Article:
Given a plane with the three points A B and C, using only formulae,

how can one tell if point P is on the plane, and if not, which side

of the plane it is on.

You want to take the *triple scalar product* of three vectors, specifically, PA, PB, and PC, or something like that. The formula is:

TSP = PA • (PB × PC)

It can also be written in matrix form. Write the components of the three vectors as a 3 × 3 matrix and take the determinant:

TSP = determinant of…

PA[sub]x[/sub] PA[sub]y[/sub] PA[sub]z[/sub]

PB[sub]x[/sub] PB[sub]y[/sub] PB[sub]z[/sub]

PC[sub]x[/sub] PC[sub]y[/sub] PC[sub]z[/sub]

Now then, is P on top of the plane or on the bottom? Well, what do we mean by “top” and “bottom”? Let’s say you’re looking at the plane from one side, and you connect the dots A, B, C, then back to A. If you connected them clockwise, we’ll call the side that you’re on the “top”, and if you connected them counterclockwise, we’ll call that the “bottom”. Then, based on the sign of the TSP, you can determine where P is with respect to the ABC plane:

TSP > 0 : P is on the top side

TSP = 0 : P is in the plane

TSP < 0 : P is on the bottom side

By the way, thanks for asking a math question. Those three from yesterday really got me in the spirit.

Well, I don’t have any formulae (and since geometry is based largely on theorems and postulates, I don’t see why you’d necessarily need formulae), but I just tried out a method that I *think* works; hopefully I can convey it properly.

Take points A, B, and C. Draw lines AB, AC, and BC. Now draw lines perpendicular to AB, AC, and BC that intersect their respective lines at points A, B, and C. You’ll have a total of nine lines (fewer if you have points positioned such that some lines are coincidental). Now, plot point P. If line AP intersects any of the lines we’ve drawn on plane ABC anywhere other than point A, then P must be on the plane. If not, then point P is not on point ABC.

I can’t *prove* that this works, but it has for the models I’ve drawn. As for which “side” of the plane point P is on, isn’t that a matter of our point of view?

On preview, it seems **Achernar** has beaten me to it and done a better job, at that. Good stuff, **Achernar**.

Are you drawing models in three dimensions?? Hey, let me have a turn.

I get a sign reversal with those, using A(0,0,0), B(1,0,0), C(0,1,0), P(0,0,1)

I would have used a different set of vectors. The cross product of AB and AC is a vector perpendicular to the plane of ABC, at A, in the direction of the right hand rule. If you then take the dot product of that vector with the vector AP, it’ll tell you, by the sign, whether AP is in the same direction as the cross product or not. If it’s zero, it’s in the plane.

Sorta an explanation of why the triple product rule works.

I could be wrong, but I get PA = [0, 0, -1], PB = [1, 0, -1], PC = [0, 1, -1], TSP = -1, which is right because P is on the “bottom” side of the ABC plane.

There are indeed a bunch of different ways you could set up the TSP. Starting from any of the four points, draw vectors to the other three, and then use those three in any order. You’ll still get the same magnitude; the only difference will (possibly) be a sign change. I chose to start with P because I liked the symmettry, but if you prefer A (or B or C) that works just as well.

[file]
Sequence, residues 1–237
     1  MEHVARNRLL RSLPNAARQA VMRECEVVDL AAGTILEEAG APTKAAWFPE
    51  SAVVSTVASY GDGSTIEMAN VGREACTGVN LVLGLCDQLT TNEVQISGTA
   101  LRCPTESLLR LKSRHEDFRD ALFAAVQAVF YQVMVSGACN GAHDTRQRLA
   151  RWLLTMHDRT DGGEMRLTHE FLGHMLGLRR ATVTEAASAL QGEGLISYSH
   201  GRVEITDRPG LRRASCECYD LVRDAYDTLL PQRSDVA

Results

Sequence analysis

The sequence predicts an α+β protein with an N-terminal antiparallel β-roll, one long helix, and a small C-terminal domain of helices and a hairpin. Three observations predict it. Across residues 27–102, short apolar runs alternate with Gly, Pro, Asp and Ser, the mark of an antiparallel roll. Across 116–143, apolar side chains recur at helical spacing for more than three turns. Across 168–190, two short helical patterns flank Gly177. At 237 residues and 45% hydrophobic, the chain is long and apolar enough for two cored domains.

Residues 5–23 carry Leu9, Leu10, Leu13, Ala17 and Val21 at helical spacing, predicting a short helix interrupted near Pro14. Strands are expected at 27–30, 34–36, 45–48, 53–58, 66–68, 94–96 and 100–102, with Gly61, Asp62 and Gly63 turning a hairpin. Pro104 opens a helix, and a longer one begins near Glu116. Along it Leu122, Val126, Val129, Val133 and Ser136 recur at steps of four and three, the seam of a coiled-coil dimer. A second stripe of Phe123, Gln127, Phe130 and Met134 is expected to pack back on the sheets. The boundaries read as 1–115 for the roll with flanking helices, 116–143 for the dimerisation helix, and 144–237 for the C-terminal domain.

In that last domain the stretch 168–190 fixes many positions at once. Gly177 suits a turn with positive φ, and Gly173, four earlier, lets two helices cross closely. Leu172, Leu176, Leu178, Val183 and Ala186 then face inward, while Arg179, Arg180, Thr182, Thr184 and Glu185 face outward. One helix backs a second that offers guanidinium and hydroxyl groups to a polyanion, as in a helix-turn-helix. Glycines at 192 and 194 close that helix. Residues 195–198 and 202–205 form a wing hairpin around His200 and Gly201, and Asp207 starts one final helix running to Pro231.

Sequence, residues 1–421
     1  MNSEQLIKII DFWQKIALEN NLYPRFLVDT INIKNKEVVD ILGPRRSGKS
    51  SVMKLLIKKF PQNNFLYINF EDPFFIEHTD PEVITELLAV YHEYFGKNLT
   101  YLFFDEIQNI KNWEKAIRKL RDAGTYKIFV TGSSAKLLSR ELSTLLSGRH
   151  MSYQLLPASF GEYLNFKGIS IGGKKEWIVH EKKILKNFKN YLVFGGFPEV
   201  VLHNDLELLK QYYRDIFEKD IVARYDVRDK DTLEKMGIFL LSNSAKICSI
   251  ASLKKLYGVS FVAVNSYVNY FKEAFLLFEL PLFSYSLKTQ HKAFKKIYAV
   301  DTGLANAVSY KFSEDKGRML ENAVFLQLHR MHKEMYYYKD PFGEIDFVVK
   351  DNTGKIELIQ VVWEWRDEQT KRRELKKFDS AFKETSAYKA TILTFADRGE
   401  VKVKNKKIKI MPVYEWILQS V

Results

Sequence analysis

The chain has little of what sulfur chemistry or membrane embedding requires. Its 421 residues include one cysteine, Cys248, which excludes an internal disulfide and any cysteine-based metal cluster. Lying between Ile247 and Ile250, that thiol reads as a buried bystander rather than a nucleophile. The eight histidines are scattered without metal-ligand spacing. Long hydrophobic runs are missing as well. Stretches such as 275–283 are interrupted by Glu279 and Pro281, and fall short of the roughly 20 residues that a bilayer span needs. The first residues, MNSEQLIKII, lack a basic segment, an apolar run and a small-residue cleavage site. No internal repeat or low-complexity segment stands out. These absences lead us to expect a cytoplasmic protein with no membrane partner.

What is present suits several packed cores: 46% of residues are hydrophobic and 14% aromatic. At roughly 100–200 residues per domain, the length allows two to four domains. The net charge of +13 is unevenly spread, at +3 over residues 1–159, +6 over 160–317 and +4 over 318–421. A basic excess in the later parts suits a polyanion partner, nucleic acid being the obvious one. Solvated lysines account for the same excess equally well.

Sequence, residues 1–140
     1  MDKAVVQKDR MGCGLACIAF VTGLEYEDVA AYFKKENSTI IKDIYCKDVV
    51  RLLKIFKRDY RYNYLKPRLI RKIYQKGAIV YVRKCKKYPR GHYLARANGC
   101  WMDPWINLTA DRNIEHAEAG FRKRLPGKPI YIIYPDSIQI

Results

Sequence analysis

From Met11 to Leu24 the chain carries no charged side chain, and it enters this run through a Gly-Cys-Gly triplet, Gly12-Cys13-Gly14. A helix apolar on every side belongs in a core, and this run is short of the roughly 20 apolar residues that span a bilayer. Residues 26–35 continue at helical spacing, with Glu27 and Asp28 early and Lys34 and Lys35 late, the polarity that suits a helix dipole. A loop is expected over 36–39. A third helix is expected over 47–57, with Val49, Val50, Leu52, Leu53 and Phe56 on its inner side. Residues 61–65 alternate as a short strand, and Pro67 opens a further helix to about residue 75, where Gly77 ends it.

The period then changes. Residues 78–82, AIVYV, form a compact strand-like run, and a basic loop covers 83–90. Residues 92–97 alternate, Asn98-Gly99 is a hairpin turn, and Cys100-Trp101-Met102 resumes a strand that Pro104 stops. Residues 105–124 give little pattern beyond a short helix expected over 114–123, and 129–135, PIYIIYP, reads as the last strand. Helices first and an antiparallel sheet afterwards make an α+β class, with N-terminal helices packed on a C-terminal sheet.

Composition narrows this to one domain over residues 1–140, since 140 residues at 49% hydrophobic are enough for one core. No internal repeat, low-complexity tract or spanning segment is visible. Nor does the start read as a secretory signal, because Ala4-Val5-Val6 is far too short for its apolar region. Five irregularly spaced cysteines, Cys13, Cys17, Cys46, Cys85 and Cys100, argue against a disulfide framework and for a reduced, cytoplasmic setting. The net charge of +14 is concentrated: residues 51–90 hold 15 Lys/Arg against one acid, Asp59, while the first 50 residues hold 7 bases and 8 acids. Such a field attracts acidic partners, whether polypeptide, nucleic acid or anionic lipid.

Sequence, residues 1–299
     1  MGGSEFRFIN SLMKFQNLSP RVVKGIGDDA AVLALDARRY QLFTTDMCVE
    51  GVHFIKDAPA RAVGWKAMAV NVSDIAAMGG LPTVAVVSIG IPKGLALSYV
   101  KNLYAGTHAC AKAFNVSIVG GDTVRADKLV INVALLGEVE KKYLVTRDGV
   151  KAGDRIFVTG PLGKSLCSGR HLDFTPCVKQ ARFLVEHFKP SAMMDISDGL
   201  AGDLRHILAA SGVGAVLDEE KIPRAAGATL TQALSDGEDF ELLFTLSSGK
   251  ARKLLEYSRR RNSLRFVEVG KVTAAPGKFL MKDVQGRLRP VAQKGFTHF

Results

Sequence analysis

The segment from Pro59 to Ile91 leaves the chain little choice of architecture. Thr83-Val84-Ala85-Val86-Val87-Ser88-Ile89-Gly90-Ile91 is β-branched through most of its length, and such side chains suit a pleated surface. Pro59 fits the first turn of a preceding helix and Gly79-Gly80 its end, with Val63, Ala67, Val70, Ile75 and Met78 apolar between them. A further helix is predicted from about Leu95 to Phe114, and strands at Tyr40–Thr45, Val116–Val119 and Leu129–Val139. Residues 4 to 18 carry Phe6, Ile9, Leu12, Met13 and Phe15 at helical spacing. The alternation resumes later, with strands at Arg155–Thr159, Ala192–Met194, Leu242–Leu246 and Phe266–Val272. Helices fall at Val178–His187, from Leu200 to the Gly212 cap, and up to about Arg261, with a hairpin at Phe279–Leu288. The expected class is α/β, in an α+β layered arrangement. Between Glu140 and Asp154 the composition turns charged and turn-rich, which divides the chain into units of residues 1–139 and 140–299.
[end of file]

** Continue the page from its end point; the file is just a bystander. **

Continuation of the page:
D’oh! :smack:

Well, I drew two dimensions; I had to settle with holding my pen above the plane and eyeballing it for the third, though I guess I could’ve used a straightened-out paper clip if I were feeling frisky.

In any case, does my method actually work?

Yes, your method works, but you could get away with only two lines in the beginning instead of nine, if you could guarantee that the lines were not parallel, and that neither of them passed through point A. If you draw line BC, then the perpendicular lines to BC that pass through B and C, that should suffice. Any line in the plane will have to intersect one of those three lines at a point other than A.

That is indeed the way you defined it. I’m just not used to having **i** x **j** = **k** point *down*.

I don’t think you get the same magnitude all the time, if you use any of the four points in any order, do you?

If there’s a magnitude change, it’s from the cross product. The dot product can only change signs.

That’s why I didn’t call them “up” and “down”; I called them “top” and “bottom”. It would not be difficult to distinguish the “more z-ward” side from the “less z-ward” side, or the same with the x or y axes. One small problem is, though, that whatever method you pick degenerates if the plane is parallel to the axis of your choice. So a vertical plane does not allow a distinction of “up” and “down”. My definition allows a distinction between the two sides, as long as A, B, and C are noncolinear. Of course, talking about the ABC plane when they *are* collinear is meaningless as well.

Perhaps I wasn’t clear. You must start each of the three vectors at one of the points. So you could use CA, CP, and CB, but not CA, AB, and BP. Geometrically, the TSP is the volume of the paralellipiped with edges defined by the three vectors. You can also think of this as six times the volume of the tetrahedron with those four points. Since the volume of the tetrahedron does not depend on which vertex you start from, it should be the same starting from any.